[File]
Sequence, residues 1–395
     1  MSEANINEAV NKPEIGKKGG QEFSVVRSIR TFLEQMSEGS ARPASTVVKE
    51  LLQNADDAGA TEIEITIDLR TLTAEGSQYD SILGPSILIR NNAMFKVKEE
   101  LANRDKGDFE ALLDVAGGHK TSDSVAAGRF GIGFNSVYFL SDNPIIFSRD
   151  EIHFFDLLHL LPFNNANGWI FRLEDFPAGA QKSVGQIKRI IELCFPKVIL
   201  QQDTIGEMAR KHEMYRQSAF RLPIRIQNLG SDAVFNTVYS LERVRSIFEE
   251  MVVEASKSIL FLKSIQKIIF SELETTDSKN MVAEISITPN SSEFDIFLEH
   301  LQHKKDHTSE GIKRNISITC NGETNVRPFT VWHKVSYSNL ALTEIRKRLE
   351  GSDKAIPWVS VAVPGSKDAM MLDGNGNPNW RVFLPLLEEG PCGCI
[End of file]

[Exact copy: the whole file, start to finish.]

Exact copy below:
Sequence, residues 1–395
     1  MSEANINEAV NKPEIGKKGG QEFSVVRSIR TFLEQMSEGS ARPASTVVKE
    51  LLQNADDAGA TEIEITIDLR TLTAEGSQYD SILGPSILIR NNAMFKVKEE
   101  LANRDKGDFE ALLDVAGGHK TSDSVAAGRF GIGFNSVYFL SDNPIIFSRD
   151  EIHFFDLLHL LPFNNANGWI FRLEDFPAGA QKSVGQIKRI IELCFPKVIL
   201  QQDTIGEMAR KHEMYRQSAF RLPIRIQNLG SDAVFNTVYS LERVRSIFEE
   251  MVVEASKSIL FLKSIQKIIF SELETTDSKN MVAEISITPN SSEFDIFLEH
   301  LQHKKDHTSE GIKRNISITC NGETNVRPFT VWHKVSYSNL ALTEIRKRLE
   351  GSDKAIPWVS VAVPGSKDAM MLDGNGNPNW RVFLPLLEEG PCGCI